"Optimized Spells"

AM4 had a Hermetic invention called "optimization," in which a spell could be re-invented at a lower level. It appeared in the Wizard's Grimoire Revised, and the text there suggested that it was rare, because once a magus has already invented a spell, there's not much personal value in re-inventing it, even though the new version would be easier to cast and thus have better Penetration. Magi are notoriously self-centered, and few magi will go through a lot of time and effort making spells more efficient and easier for others.

AM5 doesn't have optimization. But a Jerbiton NPC in "Sanctuary of Ice" is described as specializing in this process, using rhyme and meter to make spells easier to learn and master. In my Saga, that maga has an apprentice, and I'd like to give that apprentice something which mechanically represents her master's methods.

Does anyone have an idea how I might represent Optimization using AM5 rules? I could give the NPC maga a Hermetic Breakthrough and re-introduce optimization, but I presume the rules were left out of 5th edition because they were an exploit that caused game balance issues. So, without putting optimization back in the game, what could I do instead which would be mechanically different, but which would still capture the desired narrative of, "I have come up with spell incantations which make a given spell easier to learn, memorize, perform and master, and these incantations can be used by anyone who chooses to learn the spell in this way."

I thought about Potent Magic, which would give a bonus on casting rolls while leaving the spell level the same, but Potent Magic needs material focuses (which this maga does not need) and only applies in a narrow field (like a Magical Focus) which is also not appropriate. Should I just give the master maga Good Teacher or something, resulting in the apprentice getting more points to spend on Arts and so have higher totals?

How about Method Caster? Every spell is "optimized" when learned, and gets a +3 bonus, so long as the method is defined and it is cast the same way every time. If the caster might want to take advantage of loud voice and bold gestures, that needs to be the designated method for that spell. (Edit, everything in red was added after original post) Method Caster is also a virtue that I had envisioned (before Apprentices came out) being taught when the apprentice is learning spells, being passed from master to apprentice. The instructions for casting the spell might very well be within the master's lab text for the spell, but inventing spells are an individual process, and so the methods that work for the master may not work for anyone else. Instead, what is taught is the intangible nature of how to understand the rhyme and meter of a spell so purely and if you can do it the same way every time, you do it better than someone else could, with everything else being equal.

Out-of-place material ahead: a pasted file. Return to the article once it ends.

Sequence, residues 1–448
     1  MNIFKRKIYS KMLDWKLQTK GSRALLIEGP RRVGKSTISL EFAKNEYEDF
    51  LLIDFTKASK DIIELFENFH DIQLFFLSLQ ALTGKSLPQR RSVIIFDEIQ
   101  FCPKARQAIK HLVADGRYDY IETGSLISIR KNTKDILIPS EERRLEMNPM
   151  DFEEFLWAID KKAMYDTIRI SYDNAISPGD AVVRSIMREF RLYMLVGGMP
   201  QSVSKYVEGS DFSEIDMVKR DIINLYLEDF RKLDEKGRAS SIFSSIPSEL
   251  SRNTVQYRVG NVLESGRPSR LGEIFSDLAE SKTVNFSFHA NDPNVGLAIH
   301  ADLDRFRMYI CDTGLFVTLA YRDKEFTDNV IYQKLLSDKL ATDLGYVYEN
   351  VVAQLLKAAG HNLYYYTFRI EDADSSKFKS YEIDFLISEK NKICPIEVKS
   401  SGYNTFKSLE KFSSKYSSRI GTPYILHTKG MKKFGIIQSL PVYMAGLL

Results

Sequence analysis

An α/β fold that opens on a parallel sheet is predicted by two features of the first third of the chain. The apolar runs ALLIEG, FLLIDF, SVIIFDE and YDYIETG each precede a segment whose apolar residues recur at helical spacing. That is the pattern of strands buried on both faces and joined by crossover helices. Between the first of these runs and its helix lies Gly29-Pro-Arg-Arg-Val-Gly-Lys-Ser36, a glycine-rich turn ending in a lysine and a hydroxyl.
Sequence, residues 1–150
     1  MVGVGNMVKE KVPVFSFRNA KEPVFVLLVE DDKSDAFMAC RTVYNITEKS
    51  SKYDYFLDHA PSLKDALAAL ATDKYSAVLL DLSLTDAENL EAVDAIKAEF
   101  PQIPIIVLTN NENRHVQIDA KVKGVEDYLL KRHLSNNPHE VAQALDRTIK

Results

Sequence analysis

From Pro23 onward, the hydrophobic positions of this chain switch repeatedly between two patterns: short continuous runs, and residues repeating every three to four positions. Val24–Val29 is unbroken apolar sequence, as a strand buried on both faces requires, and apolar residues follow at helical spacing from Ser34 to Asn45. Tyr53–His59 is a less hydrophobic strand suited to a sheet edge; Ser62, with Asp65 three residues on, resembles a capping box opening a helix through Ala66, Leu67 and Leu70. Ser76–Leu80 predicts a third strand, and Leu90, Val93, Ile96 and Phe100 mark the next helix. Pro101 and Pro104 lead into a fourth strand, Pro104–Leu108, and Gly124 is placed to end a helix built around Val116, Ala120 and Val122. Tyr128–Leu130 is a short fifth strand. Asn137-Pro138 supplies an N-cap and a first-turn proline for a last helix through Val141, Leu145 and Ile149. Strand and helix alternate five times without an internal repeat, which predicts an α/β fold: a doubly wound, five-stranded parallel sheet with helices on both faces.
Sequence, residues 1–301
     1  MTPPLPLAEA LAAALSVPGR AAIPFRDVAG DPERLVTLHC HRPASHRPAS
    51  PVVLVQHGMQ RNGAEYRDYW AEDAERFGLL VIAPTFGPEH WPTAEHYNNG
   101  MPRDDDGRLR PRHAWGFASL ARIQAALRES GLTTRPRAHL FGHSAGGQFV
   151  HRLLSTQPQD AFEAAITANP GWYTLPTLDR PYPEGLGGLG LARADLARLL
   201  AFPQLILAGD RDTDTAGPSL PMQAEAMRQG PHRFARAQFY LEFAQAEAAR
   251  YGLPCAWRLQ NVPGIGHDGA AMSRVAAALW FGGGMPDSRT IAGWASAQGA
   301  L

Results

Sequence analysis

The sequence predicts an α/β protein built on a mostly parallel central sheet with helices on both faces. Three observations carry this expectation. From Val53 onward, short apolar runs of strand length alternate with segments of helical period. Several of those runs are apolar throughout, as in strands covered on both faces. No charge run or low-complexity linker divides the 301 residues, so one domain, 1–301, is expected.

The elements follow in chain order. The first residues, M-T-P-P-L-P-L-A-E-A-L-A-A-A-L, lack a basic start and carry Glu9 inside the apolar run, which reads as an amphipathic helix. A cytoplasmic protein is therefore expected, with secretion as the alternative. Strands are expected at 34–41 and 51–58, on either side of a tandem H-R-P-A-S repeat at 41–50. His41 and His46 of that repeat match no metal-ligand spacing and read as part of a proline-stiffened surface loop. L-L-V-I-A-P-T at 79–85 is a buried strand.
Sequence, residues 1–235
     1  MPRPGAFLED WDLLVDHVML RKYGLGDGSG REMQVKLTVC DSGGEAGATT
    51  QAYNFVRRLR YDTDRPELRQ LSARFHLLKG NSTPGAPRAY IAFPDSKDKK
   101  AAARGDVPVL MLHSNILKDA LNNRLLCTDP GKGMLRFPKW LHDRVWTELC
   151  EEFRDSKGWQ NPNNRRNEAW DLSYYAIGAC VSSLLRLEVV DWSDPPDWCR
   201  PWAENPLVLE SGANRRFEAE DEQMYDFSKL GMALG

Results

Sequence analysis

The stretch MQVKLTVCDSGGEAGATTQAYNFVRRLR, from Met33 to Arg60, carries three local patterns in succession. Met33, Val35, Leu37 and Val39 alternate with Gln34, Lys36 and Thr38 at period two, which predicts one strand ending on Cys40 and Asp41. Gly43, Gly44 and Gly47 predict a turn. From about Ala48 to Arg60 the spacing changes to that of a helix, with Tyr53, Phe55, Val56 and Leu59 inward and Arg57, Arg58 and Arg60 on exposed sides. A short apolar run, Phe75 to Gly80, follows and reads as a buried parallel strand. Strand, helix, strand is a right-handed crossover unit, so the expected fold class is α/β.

One possible wrinkle with method casting is mastery. If a spell becomes mastered, does employing Quiet and Still casting count against the method? In my opinion, no. The caster has mastered the spell suggests it has been added to the method for casting. And there are a fair amount of experience points involved in the mastery process. This spell would then have multiple methods for casting.

One thing you could do is allow discoveries that lead to breakthrough points to have some non-Hermetic effect. So if you are trying to integrate Flawless Magic, or whatever, anytime you get breakthrough points for a spell that results in the spell having the benefits of Flawless Magic (or whatever). Really they already do that with flawless magic, they probably should too for original research.

In terms of virtues for the student Method Caster, or Flawless Caster would give the needed effect. ALL of his spells are optimized.

In the end, Optimized sounds like a Minor virtue or a Mastery Ability for a spell, but as a Major Virtue it sounds closest to Flexible Formulaic magic IMO. In 4th one of the main things that it did was give you the same power at a lower level. An optimized Ball of Abysmal Flame was lower in level, but still hurt the same. An Optimized CrCo, could heal damage at less cost in vis (this was when healing spells had two durations, one with Sun and one with Permanent, if you used Vis you'd get the Permanent version).